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Phlogiston theory

From Academic Kids

The phlogiston theory is a now-disproved 17th century hypothesis regarding combustion.

The theory was invented by J. J. Becher late in the 17th century and extended and popularized by Georg Ernst Stahl, who declared the rusting of metal to be a combustion process. The theory states that all flammable materials contain phlogiston (derived noun form of the Greek phlogistos, meaning "flammable"), a substance without color, odor, taste, or weight that is liberated in burning. Once burned, the "dephlogisticated" substance was now in its "true" form, the calx.

The theory is somewhat similar to the notion of alchemy, that fire is one of the four elements (water, air and earth being the other three) which are locked into a substance.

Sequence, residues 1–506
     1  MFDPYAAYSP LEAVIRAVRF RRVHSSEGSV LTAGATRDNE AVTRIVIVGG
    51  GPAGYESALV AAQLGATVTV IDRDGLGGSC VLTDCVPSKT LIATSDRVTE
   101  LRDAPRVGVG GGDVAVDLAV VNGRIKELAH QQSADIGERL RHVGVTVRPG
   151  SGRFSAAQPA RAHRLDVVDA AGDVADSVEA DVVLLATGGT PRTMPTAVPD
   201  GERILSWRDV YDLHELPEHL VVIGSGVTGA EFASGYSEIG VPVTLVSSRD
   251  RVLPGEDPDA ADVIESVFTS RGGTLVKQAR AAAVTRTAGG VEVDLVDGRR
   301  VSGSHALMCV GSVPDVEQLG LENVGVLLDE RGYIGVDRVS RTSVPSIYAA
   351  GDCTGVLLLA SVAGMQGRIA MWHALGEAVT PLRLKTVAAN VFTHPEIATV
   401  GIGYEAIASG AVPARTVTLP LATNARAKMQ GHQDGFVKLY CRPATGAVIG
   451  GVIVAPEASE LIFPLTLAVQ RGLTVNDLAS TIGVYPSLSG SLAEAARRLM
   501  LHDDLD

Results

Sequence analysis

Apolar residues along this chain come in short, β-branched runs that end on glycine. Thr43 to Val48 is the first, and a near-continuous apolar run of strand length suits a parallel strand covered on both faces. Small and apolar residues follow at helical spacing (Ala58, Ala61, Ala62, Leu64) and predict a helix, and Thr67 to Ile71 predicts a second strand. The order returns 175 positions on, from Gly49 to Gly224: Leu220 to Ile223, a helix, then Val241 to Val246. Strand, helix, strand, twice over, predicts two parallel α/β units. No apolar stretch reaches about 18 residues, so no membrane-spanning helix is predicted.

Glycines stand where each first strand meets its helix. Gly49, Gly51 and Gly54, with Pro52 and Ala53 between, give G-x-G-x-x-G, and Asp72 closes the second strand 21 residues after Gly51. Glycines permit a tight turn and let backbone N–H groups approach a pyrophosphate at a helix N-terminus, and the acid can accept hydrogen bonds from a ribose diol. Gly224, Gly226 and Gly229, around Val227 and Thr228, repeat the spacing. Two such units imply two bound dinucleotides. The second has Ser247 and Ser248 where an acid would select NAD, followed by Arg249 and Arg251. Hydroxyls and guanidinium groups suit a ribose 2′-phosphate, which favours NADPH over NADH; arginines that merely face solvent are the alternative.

"Phlogisticated" substances are those that contain phlogiston and are "dephlogisticated" when burned. Since any substance could be observed to burn for only a limited time with limited air (for instance in a sealed container), air was thought to have a specific capacity for phlogiston. For this reason, the residue of air left after burning (actually a mixture of nitrogen and carbon dioxide), was sometimes referred to as "phlogisticated air", having taken up all of the phlogiston. Likewise, when oxygen was first discovered it was thought to be "dephlogisticated air", capable of combining with more phlogiston and thus supporting combustion for longer than ordinary air.

Eventually, experiments revealed problems, including the fact that some metals gained weight when they burned, even though they were supposed to have lost phlogiston. Still, phlogiston remained the dominant theory until Antoine Laurent Lavoisier showed that combustion requires oxygen, solving the weight paradox and setting the stage for a new theory of what happens when objects burn.

See also

es:Teora del flogisto fi:Flogiston-teoria hu:Flogiszton-elmlet ja:フロギストン説 nl:Phlogiston ru:Флогистон zh:燃素说

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